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Washington beekeepers win ‘farmer’ tax status

Washington beekeepers gain tax status of farmers.

By Don Jenkins

Capital Press

Published on July 15, 2015 8:42AM

Mateusz Perkowski/Capital Press File
A bee pollinates blueberry flowers.

Mateusz Perkowski/Capital Press File A bee pollinates blueberry flowers.

OLYMPIA, Wash. — In the eyes of Washington’s tax law, beekeepers are now part of agriculture.

Apiarists were declared “farmers” in a sprawling tax-cutting bill signed by Gov. Jay Inslee.

Senate Bill 6057 grants more than a dozen tax breaks to industries, including aluminum smelters, food processors, data centers and newspapers.

Wrapped into the bill was a provision that will give beekeepers the same tax status as other agricultural producers.

Beekeepers will be exempt from paying state business taxes on money they collect for pollination services or by selling their products, such as honey, wholesale. They also will be exempt from sales taxes for production expenses, such as bee feed and chemicals to keep hives healthy.

Any beekeeper with at least one colony qualifies for at least some of the exemptions. Budget writers estimated the loss in taxes at about $100,000 a year.

“I was really pleased (legislators) took common sense advice and made beekeepers the equivalent of farmers as far as the state is concerned,” said Ephrata commercial beekeeper Tim Hiatt, legislative director for the Washington State Beekeepers Association.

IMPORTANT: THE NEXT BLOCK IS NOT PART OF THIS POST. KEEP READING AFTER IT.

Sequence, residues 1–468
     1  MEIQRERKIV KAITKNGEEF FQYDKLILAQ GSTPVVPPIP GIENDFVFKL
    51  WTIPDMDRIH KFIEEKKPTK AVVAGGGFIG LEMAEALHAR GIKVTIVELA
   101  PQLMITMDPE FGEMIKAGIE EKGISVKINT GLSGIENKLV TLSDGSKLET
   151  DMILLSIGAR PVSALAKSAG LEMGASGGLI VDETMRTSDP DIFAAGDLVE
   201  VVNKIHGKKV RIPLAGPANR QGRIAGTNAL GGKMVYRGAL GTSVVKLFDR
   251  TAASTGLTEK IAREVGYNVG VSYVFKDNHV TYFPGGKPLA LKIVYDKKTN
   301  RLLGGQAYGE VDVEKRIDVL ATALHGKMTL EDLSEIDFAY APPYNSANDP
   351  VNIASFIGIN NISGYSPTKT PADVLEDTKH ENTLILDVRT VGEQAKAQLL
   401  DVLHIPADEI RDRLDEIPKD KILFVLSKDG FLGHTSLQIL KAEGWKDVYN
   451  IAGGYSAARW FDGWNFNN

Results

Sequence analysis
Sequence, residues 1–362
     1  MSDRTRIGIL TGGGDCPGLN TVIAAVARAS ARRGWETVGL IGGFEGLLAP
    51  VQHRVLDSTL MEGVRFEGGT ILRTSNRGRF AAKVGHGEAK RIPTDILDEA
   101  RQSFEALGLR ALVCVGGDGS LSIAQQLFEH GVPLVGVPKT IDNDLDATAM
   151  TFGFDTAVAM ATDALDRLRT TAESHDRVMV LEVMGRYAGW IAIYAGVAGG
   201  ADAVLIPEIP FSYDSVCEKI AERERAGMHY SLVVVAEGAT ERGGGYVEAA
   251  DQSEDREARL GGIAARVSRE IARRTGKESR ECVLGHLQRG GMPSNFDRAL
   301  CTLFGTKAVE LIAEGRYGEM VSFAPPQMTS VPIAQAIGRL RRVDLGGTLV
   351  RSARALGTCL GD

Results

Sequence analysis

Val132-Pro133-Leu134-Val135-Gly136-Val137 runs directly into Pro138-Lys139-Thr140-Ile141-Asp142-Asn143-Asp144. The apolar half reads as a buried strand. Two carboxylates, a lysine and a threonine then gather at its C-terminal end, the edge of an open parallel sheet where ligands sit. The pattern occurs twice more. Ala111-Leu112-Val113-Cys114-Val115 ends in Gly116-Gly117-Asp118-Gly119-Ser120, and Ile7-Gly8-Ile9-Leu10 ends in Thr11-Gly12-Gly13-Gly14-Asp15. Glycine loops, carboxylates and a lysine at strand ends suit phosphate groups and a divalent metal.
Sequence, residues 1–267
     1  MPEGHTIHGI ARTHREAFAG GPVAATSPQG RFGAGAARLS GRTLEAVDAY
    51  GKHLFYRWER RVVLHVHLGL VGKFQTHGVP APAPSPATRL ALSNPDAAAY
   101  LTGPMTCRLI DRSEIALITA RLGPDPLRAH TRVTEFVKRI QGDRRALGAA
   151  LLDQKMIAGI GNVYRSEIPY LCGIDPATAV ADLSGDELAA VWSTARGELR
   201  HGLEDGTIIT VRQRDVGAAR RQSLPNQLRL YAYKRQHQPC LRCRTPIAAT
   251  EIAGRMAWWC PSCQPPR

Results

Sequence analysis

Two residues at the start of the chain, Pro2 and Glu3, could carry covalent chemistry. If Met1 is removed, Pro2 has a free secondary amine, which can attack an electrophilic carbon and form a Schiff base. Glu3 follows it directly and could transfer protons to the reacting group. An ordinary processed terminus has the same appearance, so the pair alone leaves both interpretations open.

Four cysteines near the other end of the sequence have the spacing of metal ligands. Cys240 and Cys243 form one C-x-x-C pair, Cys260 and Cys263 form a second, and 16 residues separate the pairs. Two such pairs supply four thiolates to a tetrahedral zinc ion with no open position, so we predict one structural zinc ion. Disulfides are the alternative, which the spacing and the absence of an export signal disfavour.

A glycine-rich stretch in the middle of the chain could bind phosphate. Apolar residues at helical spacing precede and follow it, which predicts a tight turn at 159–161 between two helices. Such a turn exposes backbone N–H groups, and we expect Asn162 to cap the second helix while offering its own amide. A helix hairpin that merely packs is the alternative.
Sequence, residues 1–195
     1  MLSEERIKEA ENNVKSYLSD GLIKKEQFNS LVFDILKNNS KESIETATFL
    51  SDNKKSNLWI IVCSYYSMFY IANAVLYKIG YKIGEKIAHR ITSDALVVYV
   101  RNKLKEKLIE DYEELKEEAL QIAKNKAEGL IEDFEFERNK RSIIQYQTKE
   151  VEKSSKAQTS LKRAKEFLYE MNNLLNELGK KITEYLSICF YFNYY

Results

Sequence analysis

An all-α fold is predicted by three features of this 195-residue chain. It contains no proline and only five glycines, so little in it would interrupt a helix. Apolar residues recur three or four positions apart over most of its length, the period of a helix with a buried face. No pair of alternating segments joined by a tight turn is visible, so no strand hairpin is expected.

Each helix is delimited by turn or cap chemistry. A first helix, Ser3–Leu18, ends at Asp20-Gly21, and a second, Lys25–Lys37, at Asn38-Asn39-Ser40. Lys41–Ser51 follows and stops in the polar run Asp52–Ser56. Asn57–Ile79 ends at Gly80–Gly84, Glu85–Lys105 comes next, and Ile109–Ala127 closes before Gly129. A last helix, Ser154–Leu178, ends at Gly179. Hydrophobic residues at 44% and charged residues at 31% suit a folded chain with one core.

“When we told people about this, they would say, ‘Aren’t beekeepers already part of agriculture?’”

Legislators granted temporary tax relief to beekeepers in 2008 to help them cope with high mortality rates. The tax relief was due to expire in 2017. SB 6057 makes the tax breaks permanent.

Sen. Jim Honeyford, R-Sunnyside, sponsored the honeybee legislation. “Sen. Honeyford was our great champion on this one,” Hiatt said.

Beekeepers and Honeyford argued that beekeepers are a vital part of food production. Hiatt and others said that out-of-state beekeepers provide pollination services in Washington but leave without paying business taxes. “That really was a matter of fairness,” Hiatt said.

The tax breaks, including the one for beekeepers, were rolled into one bill that will cost the state an estimated $35.2 million over the next two years in lost revenue. One legislator remarked that there was something in the bill for every lawmaker to like and dislike, but it was a compromise package agreed to by House and Senate budget writers.

The bill passed the Senate 38-10 and the House 77-21.

The new tax treatment gave beekeepers one legislative victory this year.

Hiatt said the beekeepers association will renew its push next year for more funding for bee research at the Washington State University, a recommendation made last year by a Washington State Department of Agriculture work group.

Beekeepers also will continue to advocate for a pilot program to plant pollen-rich flowers on ground where noxious weeds have been eradicated. A bill this year was bogged down by concerns that the program would inadvertently introduce new problem plants on the landscape.


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